Henry Withy

Henry Withy (11 November 1852 – 31 May 1922) was born in Bristol, England on 11 November 1852. His parents were Edward Withy (Woollen Draper and Tailor) and Sarah Withy (née Atree).

Early life

In his early childhood, he attended Brean Villa (Quaker) Preparatory School, Camden Terrace, Weston Super Mare, in Somerset. At the age of 10, he went to Friends' School, Sidcot, from 1862 to 1867. He served as an apprentice at Withy, Alexander & Co. in West Hartlepool for 5 years, between 1869 and 1874.


His first connection with business was in a large hardware establishment in the City of Bristol but he did not remain there long. He started business at the beginning of 1868, and twelve months later saw him moving to Hartlepool, where he went into the yard of Withy, Alexander and Co. where his elder brother, Edward Withy was a partner. Here, he worked as an apprentice[1] for five years, whilst picking up the rudiments of the knowledge of shipbuilding. In the 19th century, the Clyde was in the hey-day of its fame as a shipbuilding centre and it was there that he went, to improve his knowledge of the profession of shipbuilding. In 1873, Henry Withy proceeded to Govan, to the historic shipyard of Robert Napier and Sons, afterwards putting in some time with the Fairfield Shipbuilding and Engineering Company. In all, Henry Withy spent three years on Clyde side, and then returned to his brother's yard at Hartlepool. Before finally settling down in earnest, he decided to see something of the world and took an extended trip to South America.

Upon his return home, in 1876, Henry assisted his brother Edward in the management of the business of Edward Withy and Co. for about two years, after which Henry assumed the sole responsibility for managing the works, after his brother decided to retire from the firm and move to New Zealand. In 1891, the Furness Line Company of Christopher Furness and Edward Withy and Co. were merged in Hartlepool.[2] to form the Company of Furness Withy.

Henry Withy's theoretical and practical knowledge of electricity enabled him to exploit the practicability of using it as a motive power, and utilising it for motor purposes, as well as for lighting the works. The result was that all of the machines in the extensive establishment of Furness, Withy and Co., Limited were worked by electricity, and as an indication of the progressive character of the firm and Henry in particular, that Furness, Withy and Co. was, at the time, the only shipyard in the United Kingdom to be driven throughout by electric power. Other areas of innovation, where Furness, Withy and Co. took the lead, include building of the first triple steamship in the port, and with the first use of telephone communication. Furness, Withy and Co. was also renowned, as a company, for the quality and quantity of work turned out.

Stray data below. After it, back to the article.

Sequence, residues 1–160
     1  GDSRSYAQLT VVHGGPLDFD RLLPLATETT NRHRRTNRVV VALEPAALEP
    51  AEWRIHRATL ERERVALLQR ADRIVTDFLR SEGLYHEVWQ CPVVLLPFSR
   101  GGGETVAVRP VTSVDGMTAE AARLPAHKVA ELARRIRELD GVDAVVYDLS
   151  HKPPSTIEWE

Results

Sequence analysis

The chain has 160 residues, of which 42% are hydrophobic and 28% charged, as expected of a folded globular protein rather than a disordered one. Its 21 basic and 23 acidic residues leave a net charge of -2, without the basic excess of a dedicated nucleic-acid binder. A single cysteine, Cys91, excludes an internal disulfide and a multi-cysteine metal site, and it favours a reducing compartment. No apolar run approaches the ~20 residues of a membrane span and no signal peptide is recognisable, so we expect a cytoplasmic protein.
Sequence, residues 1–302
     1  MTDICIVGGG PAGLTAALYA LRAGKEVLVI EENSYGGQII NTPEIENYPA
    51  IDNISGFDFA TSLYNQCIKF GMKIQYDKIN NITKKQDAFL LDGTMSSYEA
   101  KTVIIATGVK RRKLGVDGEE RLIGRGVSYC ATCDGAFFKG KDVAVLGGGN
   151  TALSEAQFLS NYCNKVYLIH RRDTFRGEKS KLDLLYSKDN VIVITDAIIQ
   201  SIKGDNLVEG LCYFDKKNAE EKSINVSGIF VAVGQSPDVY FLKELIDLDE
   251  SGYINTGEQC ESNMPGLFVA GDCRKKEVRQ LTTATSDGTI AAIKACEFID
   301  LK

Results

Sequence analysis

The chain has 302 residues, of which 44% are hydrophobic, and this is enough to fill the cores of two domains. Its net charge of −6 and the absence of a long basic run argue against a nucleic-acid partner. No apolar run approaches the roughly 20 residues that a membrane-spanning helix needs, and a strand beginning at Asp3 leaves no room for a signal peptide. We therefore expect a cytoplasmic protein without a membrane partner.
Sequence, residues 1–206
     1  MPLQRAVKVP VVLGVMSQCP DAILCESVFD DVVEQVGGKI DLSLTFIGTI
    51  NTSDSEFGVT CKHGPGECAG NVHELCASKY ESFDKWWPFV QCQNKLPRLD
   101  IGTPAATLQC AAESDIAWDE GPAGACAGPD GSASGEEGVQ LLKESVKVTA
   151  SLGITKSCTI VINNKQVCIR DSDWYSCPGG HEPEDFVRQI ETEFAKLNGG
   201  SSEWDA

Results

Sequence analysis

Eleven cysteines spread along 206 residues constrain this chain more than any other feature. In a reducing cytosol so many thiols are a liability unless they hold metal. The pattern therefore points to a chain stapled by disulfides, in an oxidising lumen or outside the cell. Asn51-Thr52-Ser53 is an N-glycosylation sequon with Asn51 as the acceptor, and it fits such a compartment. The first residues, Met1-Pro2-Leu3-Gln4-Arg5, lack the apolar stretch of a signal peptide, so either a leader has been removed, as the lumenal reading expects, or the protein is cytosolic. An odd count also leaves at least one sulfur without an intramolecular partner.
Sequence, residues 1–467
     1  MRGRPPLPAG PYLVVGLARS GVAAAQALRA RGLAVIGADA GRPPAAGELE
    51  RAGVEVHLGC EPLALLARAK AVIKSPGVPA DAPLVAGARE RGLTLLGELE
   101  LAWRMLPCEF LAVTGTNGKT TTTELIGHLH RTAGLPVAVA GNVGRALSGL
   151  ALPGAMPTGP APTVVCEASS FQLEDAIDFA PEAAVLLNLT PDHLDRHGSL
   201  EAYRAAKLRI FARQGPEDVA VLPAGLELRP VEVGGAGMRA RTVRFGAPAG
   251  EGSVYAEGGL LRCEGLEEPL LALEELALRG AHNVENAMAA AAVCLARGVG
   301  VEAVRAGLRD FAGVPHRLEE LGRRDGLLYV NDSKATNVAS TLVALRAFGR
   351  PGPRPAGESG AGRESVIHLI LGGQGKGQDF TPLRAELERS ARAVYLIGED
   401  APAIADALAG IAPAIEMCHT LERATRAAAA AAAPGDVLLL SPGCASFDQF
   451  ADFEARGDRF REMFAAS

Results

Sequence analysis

Specific statistics of note are that in 1869, the average tonnage of the vessels they built was 436 tons; in 1879, it was 1,145 tons; while in 1899 it had increased to 5,442 tons. The shipyard was, in 1900, equipped for dealing with vessels of up to 600 ft (180 m) in length, and has turned out numerous fine passenger and cargo boats. The yard also possessed a graving dock, capable of taking in steamers up to 7,000 tons deadweight, where many extensive jobs were undertaken.

Private life

In his private life, Henry Withy was, besides being a director of Furness, Withy and Co., Ship-owners and Shipbuilders; a Justice of the Peace (JP) and Town Councillor for the Borough of Hartlepool; member of the Board of Guardians; member of the Port Sanitary Authority; member of Lloyd's Technical Sub-Committee; member of the Institute of Naval Architects; of the Steel and Iron Institute; of the Institution of Mechanical Engineers (5 August 1884, proposed by his brother Edward Withy); of the Institute of Civil Engineers (6 December 1904) and of the North-East Coast Institution of Engineers and Shipbuilders (past President, 1900-1901).[3] He was also Mayor of Hartlepool in 1889-90.

In 1902, he presented an ornamental drinking fountain that originally stood in the Burn Valley Gardens but was moved to Clarence Road, Hartlepool in 1979.[4]


  1. 1851 UK Census, Piece: 4920; Folio: 50; Page: 20; Registration District: Hartlepool
  2. Red Duster
  3. Transactions of the North-east coast institution of engineers and shipbuilders (see: https://archive.org/stream/transactionsnor10shipgoog/transactionsnor10shipgoog_djvu.txt)
  4. National Monuments Records (see: http://www.heritage-explorer.co.uk/web/he/searchdetail.aspx?id=7098&crit=&cid=34)
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